By 1919, the United States entered a period of anti-radical hysteria. The Bolsheviks wanted to overthrow the U. S. government by force, and establish a dictatorship of the proletariat. . . an idea that didn’t sit well with the U. S. public.
U. S. servicemen, home from the wars, were infuriated by leftist “apparatchiks” who sought to use U. S. freedoms to overthrow the government that was sheltering them.
At the same time, wartime inflation had doubled prices in the U. S.
Nascent labor unions demanded higher wages and collective bargaining, and characterized America’s businessmen as robber barons. “Rallied by Attorney General Alexander Mitchell Palmer, the War Department and the FBI devoted themselves to passionately crushing the Bolshevik menace.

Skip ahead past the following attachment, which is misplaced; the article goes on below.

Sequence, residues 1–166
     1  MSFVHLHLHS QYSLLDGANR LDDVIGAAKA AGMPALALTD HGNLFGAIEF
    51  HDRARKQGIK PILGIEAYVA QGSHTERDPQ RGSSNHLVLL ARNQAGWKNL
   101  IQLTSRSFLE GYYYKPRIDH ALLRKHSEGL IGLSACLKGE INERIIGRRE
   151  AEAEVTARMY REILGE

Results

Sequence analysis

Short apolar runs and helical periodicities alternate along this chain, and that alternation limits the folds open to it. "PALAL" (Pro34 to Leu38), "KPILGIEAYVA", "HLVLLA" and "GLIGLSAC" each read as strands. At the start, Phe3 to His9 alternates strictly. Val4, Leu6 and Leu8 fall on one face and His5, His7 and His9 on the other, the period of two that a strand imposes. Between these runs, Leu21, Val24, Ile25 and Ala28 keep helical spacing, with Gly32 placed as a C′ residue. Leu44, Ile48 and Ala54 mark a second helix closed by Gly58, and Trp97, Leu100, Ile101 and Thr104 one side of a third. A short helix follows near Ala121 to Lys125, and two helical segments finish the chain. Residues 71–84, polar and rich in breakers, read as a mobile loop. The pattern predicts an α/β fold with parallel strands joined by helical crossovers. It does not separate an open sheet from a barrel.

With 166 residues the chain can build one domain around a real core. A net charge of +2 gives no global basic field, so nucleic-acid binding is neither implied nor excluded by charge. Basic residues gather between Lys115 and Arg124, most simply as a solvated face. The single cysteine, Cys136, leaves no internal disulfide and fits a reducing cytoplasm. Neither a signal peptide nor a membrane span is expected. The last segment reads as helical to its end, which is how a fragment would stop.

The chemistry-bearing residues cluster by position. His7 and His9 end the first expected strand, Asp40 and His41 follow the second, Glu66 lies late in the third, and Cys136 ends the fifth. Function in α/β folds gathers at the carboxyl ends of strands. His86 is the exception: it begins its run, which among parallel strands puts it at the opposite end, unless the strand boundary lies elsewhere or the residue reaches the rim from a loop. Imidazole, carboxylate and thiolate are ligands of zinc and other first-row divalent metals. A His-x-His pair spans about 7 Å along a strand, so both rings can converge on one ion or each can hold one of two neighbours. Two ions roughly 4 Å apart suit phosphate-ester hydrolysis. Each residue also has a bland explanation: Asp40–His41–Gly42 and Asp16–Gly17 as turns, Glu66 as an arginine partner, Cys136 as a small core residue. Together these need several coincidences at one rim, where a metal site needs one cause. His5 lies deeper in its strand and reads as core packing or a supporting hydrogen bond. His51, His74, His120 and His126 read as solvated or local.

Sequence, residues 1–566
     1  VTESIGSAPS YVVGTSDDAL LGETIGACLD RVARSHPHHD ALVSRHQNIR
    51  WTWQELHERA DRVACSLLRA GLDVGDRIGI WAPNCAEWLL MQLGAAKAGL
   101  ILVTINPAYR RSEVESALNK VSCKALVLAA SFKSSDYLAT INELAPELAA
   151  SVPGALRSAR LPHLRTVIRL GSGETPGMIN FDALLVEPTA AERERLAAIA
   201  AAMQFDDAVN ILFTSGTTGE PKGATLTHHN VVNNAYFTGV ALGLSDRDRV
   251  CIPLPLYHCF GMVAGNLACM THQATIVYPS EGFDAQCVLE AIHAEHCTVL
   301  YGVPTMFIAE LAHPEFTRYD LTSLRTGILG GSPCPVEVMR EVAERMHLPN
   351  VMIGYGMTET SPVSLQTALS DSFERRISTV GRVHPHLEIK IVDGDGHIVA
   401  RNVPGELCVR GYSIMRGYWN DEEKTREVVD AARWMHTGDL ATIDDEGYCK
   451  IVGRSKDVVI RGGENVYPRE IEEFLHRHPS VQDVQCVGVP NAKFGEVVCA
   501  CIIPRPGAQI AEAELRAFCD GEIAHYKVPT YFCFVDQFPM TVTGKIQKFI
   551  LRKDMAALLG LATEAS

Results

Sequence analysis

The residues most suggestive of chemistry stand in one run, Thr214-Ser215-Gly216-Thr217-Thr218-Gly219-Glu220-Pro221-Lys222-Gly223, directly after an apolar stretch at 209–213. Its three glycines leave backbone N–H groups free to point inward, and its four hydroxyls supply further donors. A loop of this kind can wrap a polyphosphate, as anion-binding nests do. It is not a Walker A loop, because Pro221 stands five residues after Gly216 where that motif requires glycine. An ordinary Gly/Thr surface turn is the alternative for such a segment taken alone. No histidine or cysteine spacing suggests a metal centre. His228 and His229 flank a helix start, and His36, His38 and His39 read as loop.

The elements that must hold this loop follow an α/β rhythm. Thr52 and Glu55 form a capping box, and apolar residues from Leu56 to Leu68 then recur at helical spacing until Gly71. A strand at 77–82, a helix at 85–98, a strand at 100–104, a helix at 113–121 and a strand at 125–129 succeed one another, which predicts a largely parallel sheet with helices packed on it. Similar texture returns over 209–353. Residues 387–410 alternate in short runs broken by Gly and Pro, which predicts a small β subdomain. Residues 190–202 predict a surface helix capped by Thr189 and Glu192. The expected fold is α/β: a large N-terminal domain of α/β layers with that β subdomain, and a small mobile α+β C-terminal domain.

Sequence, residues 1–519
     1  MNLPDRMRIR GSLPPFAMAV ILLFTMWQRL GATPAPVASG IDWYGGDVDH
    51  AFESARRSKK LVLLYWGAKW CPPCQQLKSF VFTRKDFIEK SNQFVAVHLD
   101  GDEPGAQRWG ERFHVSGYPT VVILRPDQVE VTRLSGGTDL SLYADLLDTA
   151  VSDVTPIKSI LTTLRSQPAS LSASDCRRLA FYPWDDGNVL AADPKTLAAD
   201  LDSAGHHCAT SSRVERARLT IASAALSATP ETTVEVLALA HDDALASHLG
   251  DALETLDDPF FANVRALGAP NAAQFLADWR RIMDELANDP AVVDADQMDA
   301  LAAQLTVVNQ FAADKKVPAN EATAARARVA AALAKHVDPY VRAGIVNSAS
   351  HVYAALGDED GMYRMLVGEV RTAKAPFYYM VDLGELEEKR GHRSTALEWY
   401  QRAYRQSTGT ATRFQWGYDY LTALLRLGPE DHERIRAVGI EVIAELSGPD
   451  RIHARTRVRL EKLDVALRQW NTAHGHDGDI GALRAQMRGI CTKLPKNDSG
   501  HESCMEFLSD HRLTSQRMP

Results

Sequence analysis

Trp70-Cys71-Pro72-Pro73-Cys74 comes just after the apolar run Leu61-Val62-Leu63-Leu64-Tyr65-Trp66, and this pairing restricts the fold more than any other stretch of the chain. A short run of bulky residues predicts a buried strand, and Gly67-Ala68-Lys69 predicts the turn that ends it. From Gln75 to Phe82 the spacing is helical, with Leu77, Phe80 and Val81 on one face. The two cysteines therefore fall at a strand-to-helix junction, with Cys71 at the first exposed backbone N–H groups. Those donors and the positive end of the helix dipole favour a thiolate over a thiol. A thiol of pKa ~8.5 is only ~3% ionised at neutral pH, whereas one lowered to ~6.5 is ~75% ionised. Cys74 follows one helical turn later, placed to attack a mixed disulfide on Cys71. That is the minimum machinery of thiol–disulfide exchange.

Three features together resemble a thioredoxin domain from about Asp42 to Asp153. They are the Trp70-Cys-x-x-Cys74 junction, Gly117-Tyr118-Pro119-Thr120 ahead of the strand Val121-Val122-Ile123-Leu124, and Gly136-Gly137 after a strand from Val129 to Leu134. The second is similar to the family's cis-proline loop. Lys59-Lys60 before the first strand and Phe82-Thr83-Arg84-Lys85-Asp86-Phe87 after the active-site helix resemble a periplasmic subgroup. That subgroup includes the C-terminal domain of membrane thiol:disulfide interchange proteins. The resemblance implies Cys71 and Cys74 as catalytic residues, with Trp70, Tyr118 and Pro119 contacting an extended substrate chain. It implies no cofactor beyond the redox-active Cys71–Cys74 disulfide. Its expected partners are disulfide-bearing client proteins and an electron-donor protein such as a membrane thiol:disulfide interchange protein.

While William was “incarcerated” in California,
“He often borrowed the family car or boardied a bus and toured the small towns that dotted the California coast. Sarah reminisced about his travels: “Helena always turned to nature, but it was the man-made world that Billy loved. He told me with a glow of the pleasure that he got in going into strange towns, and eating at little holes-in-the-wall with all the people who drive the trucks and push the typewriters that make the world go. Thus Billy, who had grown up among people who were above all intellectual, who made their mark on their time, fell in love with the type of person who leaves no record in this world except in the memories of those who loved them.”